published in Heroine Mag, print March 2018
Alexandra Shipp loves to see you squirm. Born and raised in Phoenix, Arizona, the 26 year old actress who has most recently played Storm in X-Men: Apocalypse, and has also appeared in Straight Outta Compton and as Aaliyah in the controversial Lifetime movie, cites “agitation propaganda”, a form of outdoor theatre practiced by she and her peers from art school, as her favorite type of performance. Whether it was hurling vicious insults or bumping someone on the shoulder, the interactions (totally scripted) were designed to make onlookers feel uncomfortable enough to the point where they might actually start a conversation with each other. Discovering the power of performance at an early age, Alex has been giving people something to talk about ever since.
As a biracial, white and black woman, she oscillates between the poles of privilege and marginalization, having to defend herself, her career and her skin tone against those who view her from behind tinted glasses. Having recently been in a rather heated exchange on Twitter about Colorism in relation to her playing of Storm, Alex does not shy away from the topic during our chat but instead approaches it with a reinforced sense of purpose. She wants the world to see her the way she would like to see herself, as a woman who is more than enough, who is not solely defined by her skin tone but by her character and the quality of her artistry, who knows that empowerment begins with understanding and that her voice can be used to speak for those without one.
L: Growing up biracial is such a loaded experience and entering Hollywood on top of that? It must’ve been pretty jarring coming from Arizona.
A: It was a shock, it’s not necessarily where you’re from but it’s definitely who raised you. I was lucky to be raised by a two-time, breast cancer survivor, this powerhouse woman who doesn’t take slack from anybody, my mother. She always taught me to have true, real compassion, not pity, not anything where you feel more than or less than.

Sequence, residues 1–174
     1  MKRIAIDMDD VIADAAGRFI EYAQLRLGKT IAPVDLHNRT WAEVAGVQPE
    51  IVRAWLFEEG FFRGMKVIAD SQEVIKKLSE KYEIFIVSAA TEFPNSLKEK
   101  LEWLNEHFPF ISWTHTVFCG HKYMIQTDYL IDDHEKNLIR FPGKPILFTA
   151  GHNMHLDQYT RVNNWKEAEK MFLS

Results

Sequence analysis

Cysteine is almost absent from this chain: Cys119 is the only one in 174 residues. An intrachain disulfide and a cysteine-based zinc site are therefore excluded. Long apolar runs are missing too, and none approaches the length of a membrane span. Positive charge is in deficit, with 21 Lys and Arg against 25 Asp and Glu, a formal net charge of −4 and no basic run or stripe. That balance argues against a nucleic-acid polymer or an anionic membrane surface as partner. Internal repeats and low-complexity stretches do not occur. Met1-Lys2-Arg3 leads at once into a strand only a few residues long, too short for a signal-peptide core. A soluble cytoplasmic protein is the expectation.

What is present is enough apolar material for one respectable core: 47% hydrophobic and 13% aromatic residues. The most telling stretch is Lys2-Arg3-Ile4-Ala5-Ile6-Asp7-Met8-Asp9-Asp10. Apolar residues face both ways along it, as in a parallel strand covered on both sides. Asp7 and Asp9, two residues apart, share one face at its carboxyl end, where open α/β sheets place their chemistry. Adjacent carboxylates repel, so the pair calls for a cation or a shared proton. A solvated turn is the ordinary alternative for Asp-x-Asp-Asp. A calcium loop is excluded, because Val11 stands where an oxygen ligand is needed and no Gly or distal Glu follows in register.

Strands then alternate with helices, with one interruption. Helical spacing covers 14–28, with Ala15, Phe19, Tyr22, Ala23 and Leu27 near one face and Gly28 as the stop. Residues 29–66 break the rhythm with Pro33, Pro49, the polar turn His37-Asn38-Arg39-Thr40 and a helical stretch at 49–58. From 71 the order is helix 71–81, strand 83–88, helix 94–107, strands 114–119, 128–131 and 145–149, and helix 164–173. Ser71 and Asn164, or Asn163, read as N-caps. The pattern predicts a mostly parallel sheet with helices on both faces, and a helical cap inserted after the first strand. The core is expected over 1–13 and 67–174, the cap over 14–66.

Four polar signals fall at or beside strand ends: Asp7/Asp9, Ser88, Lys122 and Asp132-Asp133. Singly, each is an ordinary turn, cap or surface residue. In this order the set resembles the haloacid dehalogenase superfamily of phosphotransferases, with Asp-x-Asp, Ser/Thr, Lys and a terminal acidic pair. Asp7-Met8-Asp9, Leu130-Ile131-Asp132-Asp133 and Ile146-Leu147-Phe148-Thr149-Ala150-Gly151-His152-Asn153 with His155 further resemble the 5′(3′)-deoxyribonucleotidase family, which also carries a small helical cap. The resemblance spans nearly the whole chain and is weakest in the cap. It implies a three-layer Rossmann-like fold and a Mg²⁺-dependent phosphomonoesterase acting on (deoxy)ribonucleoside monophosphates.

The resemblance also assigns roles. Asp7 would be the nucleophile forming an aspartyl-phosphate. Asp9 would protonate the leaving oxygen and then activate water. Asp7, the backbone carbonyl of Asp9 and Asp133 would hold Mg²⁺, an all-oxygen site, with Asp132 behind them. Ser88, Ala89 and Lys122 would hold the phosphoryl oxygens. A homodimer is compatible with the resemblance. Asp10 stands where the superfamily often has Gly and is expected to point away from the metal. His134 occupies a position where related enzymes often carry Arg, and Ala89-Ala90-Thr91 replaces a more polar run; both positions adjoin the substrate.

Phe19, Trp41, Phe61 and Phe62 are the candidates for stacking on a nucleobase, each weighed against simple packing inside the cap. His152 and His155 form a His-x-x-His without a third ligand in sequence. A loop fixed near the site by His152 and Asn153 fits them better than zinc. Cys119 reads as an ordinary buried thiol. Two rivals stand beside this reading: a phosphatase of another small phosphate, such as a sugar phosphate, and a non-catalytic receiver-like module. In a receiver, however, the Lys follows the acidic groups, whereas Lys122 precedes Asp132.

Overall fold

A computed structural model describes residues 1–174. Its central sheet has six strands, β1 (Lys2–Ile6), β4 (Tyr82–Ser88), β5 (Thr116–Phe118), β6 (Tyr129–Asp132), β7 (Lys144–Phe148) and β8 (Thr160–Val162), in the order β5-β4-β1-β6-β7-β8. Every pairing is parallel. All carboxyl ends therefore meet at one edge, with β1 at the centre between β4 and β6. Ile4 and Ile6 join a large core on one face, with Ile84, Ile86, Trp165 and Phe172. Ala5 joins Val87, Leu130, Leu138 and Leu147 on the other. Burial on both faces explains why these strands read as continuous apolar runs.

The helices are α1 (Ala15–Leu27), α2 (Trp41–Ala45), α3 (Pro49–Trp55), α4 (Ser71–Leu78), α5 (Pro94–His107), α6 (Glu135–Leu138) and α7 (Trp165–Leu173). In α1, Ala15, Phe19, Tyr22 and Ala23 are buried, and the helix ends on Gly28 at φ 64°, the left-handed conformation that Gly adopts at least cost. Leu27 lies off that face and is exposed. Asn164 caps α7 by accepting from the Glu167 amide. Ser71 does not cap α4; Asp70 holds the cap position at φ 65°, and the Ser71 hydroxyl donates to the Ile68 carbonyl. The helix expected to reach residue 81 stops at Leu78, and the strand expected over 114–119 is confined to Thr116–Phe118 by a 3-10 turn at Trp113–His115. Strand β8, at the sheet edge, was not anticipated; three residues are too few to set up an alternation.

L: How old were you when your mom was going through her treatments?
A: The first time my mom got breast cancer she was 35 so I was about 4 or 5 years old
A: And then the second time she got it, she was in her mid to late 40s. It’s true what they say, when one person in the family gets cancer, the whole family gets cancer.You expect your parents to be superheroes and when they’re in a place where they can’t help themselves and they need you, or people around you, it really does affect you and change your perception on life and why we’re actually here. It’s not like my mom got cancer and I was like, I need to become an artist, but it definitely was like I want what I do on this planet to mean something. Acting allowed me to have the types of conversations I wanted to have because I can represent an idea, an opinion, I can open people’s minds to a viewpoint that they thought was never possible.
L: Yeah and in the past couple days people have been coming at you, especially on Twitter, about not understanding colorism in regards to your playing Storm. How did you come to terms with your own identity as a biracial, black and white woman?